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‘Encanto’ Pushes Animation Boundaries While Celebrating the Fundamentals of Family

Director Byron Howard, director/co-writer Jared Bush, co-director/co-writer Charise Castro Smith, and producers Yvett Merino and Clark Spencer offer their filmmaking insights on Disney’s new computer-animated musical, now in theaters.

As demonstrated by the release of their new computer-animated musical feature Encanto, it’s safe to say that Walt Disney Animation Studios has gone beyond anything they have done before.  The film takes viewers through the enchanting mountains of Colombia, into a magical house, where all the members of a unique family have been blessed with special gifts, from super strength to healing. Well, all except for one family member: Mirabel. The young girl is determined to prove her value as the only “ordinary member” in the Madrigals family; she seizes an opportunity after learning the magic surrounding their Encanto - the magical place where her family lives, and which grants them their powers - is in danger. 

Directed by Byron Howard and Jared Bush, co-directed by Charise Castro Smith, and written by Smith and Bush, with all-new songs by Lin-Manuel Miranda, Encanto represents a departure for the studio on multiple levels.

For starters, it’s emphatically a movie about a family – and, more universally, families. (As the press notes put it, “Before the setting was chosen, before even a single character was imagined, the filmmakers decided that the heart of their new film would be family.”) And while Encanto undoubtedly celebrates this fundamental human association, it also considers the complicated and sometimes fraught relationships that are characteristic of families – even those that may happen to have magical powers.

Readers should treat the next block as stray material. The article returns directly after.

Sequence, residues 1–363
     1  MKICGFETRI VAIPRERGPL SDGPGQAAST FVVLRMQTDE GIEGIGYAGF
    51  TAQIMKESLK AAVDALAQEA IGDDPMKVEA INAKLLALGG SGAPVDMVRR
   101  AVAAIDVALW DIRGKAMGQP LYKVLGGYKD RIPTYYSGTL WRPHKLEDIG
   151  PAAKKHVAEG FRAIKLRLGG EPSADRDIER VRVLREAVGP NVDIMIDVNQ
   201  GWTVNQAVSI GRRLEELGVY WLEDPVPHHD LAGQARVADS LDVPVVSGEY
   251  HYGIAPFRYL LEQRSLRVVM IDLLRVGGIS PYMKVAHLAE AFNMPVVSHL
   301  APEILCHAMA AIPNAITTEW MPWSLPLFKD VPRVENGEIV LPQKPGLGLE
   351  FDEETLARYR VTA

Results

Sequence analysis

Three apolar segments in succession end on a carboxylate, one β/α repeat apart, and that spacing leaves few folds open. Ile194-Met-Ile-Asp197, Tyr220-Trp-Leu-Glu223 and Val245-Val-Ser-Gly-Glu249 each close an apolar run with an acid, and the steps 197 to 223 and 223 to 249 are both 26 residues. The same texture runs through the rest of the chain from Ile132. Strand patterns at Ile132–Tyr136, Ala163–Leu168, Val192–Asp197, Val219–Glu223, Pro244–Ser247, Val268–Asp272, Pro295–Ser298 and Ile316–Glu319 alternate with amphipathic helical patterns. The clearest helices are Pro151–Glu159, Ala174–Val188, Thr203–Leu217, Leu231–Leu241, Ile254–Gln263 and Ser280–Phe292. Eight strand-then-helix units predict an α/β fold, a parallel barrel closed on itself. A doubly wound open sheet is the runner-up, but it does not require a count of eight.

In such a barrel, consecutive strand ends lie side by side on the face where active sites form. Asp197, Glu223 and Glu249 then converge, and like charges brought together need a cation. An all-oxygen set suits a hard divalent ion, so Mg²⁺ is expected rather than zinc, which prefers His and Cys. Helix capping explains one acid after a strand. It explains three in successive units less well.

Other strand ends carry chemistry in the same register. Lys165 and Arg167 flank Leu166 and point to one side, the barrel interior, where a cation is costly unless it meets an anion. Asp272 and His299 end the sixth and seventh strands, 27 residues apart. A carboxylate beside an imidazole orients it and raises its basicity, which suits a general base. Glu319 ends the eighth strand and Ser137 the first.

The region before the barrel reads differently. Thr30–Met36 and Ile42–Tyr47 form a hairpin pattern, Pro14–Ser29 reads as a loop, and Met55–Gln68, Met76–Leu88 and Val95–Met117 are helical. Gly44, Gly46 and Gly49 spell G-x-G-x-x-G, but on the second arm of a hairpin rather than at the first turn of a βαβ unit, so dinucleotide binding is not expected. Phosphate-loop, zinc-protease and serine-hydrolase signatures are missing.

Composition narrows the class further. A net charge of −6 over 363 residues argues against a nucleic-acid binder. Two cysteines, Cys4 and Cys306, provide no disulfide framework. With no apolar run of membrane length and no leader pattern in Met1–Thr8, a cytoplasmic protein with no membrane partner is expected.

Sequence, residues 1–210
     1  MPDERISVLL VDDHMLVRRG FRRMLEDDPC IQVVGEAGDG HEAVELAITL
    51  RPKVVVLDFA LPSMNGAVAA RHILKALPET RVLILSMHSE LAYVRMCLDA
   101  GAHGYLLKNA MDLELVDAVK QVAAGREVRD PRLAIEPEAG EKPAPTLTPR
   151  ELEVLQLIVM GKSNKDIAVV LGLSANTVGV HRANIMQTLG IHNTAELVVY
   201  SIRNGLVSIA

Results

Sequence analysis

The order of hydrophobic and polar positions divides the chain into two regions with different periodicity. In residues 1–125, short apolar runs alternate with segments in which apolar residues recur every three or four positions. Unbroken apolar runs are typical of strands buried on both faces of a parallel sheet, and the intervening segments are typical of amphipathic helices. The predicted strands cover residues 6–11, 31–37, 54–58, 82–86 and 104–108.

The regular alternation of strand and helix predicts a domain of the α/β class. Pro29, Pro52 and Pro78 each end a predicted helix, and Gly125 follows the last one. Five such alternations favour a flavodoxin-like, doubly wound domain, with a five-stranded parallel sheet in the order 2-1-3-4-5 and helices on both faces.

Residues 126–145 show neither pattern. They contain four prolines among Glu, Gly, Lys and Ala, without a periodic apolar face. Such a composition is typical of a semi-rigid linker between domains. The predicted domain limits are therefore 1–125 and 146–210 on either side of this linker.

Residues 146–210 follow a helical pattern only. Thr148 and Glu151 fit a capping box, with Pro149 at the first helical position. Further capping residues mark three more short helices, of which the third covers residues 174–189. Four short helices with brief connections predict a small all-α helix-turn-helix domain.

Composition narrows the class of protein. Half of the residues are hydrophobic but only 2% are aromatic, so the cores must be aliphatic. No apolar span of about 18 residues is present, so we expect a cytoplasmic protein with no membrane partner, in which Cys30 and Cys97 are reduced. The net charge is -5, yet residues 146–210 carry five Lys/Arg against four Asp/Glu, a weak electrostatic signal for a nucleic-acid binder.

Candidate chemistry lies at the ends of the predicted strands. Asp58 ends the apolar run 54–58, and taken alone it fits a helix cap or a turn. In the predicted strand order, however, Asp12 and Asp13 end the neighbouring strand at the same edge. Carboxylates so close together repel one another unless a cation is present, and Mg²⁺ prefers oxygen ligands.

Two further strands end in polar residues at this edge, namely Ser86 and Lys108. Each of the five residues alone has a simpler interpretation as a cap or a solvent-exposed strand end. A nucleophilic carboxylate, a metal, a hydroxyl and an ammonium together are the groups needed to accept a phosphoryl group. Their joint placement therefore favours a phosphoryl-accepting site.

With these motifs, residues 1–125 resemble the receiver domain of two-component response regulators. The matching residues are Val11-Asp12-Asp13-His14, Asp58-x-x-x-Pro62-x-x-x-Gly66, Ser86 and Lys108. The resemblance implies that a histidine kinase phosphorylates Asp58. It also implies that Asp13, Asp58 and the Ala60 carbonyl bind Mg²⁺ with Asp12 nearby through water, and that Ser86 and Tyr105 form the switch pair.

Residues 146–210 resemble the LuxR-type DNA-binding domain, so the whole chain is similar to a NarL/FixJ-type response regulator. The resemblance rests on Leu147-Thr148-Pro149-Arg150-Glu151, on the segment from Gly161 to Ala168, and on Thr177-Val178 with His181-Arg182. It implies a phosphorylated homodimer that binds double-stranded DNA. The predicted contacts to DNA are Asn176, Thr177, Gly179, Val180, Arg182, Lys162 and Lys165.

Beyond this, while past Disney films have been set in exotic locations and/or depicted different cultures, Encanto’s expansive embrace of the diversity, culture, people, and music of Colombia is of a different order of magnitude. Further, as director and co-writer Bush points out, “So much of Latin America is a combination of Indigenous, African and European heritage, and Colombia is considered a ‘crossroads of Latin America’.” Thus Encanto is not only an exploration and evocation of one South American country, but also, in a larger sense, a celebration of all of Latin American culture.

Finally, from the development of a visual tool that actually emulates a hologram to create specific effects, to the deployment of an eye shader that adds another layer of realism and control, the technical advances incorporated in the production of Encanto mean that it looks different from any Disney film that’s gone before. The depth and richness of the scene composition, choreography, lighting, and animation is outstanding.

We spoke with Howard, Bush, and Smith, as well as producers Yvett Merino and Clark Spencer, about the wealth of narrative and thematic milestones achieved by Encanto, and the magic they used to bring it about.

Not surprisingly, one of the first things the directors mentioned was the incredible teamwork, and the commitment and effort of everyone involved.

“The amazing thing that happened on this film is that we made big asks of everybody,” Howard begins. “We made big asks of our character design teams, our simulation teams, and our animators, really wanting a lot of very specific, important, emotional things for all these characters. Characters had to have different natural Afro-Latin hairstyles, costumes that were specific to Columbia, not to mention singular acting and singing styles. So we asked for tons and tons of specifics, and we kept asking, and the team kept delivering.”